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Avoiding Trademark Scams and Solicitations

There is no shortage of attempted fraud on trademark applicants and the U.S. Patent & Trademark Office (“USPTO”). We frequently hear from clients about official-looking correspondence from entities with names like “Patent & Trademark Bureau” or “World Trademark Register” that look like renewal reminders or notices to register your trademark with an international registry. These notices are designed to mislead trademark owners into believing that their trademark registration is dangerously close to expiration; to suggest that their registration is not yet complete; or to solicit a useless publication service. The ultimate goal of these notices is to extract hundreds or thousands of dollars from unsuspecting trademark registrants using publicly available information. Here is a redacted example of a scam notice recently received by a client:  Scam Trademark Renewal Notice

This example shows a fake renewal reminder notice. These renewal notices are often sent a year or more before a clients’ first opportunity to renew, likely hoping to catch you before we send our maintenance reminders. The redacted example purposely misstates the client’s registration and renewal dates by one year.  Because renewal occurs years after registration, it’s easy to forget when the registration issued and to simply trust the notice.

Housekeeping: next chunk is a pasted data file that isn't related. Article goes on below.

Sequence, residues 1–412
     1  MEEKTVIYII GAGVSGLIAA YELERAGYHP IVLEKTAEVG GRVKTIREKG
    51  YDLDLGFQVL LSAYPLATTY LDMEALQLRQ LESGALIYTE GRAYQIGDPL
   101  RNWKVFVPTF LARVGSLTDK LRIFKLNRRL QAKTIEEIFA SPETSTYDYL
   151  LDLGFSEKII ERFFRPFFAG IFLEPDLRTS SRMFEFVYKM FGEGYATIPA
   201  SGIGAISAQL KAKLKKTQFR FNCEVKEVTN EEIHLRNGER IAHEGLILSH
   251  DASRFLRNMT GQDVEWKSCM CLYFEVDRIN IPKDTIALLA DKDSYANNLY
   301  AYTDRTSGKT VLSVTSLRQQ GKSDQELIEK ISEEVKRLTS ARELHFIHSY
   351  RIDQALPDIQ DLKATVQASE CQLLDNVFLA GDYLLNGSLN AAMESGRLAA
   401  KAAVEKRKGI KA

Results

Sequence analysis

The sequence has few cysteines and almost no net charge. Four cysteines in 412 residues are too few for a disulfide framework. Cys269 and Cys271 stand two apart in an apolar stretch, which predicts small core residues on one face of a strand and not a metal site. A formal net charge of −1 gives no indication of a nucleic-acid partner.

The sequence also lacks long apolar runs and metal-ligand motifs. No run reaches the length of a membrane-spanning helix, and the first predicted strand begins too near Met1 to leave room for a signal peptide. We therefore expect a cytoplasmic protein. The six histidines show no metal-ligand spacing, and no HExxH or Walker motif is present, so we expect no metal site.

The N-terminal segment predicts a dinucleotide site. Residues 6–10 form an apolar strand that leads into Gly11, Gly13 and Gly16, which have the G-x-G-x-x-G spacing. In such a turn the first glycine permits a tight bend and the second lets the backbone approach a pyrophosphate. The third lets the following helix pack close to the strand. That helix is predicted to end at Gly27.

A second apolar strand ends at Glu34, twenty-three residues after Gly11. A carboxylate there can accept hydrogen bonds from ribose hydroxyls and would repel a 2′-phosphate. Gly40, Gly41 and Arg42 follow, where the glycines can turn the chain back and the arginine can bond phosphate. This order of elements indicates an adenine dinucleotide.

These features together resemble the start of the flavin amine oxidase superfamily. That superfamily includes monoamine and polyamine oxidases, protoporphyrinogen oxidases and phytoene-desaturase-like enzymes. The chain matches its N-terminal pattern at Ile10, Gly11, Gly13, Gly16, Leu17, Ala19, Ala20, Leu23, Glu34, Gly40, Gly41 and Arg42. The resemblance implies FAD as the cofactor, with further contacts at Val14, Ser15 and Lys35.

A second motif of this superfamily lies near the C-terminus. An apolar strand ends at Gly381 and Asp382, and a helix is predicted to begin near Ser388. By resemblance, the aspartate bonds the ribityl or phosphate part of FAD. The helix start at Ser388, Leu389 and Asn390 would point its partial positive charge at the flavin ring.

Other schemes we come across are solicitations to “register” your mark with a private brand registry. Private brand registries may avoid liability for fraud by generating and maintaining their own databases, actually conferring the promised service. But, like the star naming services advertised on day-time television, these registries are unofficial, conferring no rights and offering no benefits.  The rights and benefits conferred by registration with the USPTO and equivalent offices abroad is all that is required.

Tips for Avoiding Scams

As your attorneys, we are listed as the primary point of contact for official correspondence. Rarely will correspondence about your trademark application or registration be legitimate if it is not from us.

As always, some exceptions apply. As an example, the Canadian Intellectual Property Office (“CIPO”) recently changed its rules and no longer corresponds with foreign attorneys, only trademark applicants or their appointed Canadian counsel. Because of that change in policy, clients with Canadian applications have been receiving notices directly from CIPO.  If you are uncertain or concerned about a notice you receive, please contact us.

The USPTO has been addressing these and other sources of scams and fraud. For additional information and tips, the Trademark Office has posted a wealth of information on its website here.

Contributed by Spencer Owen

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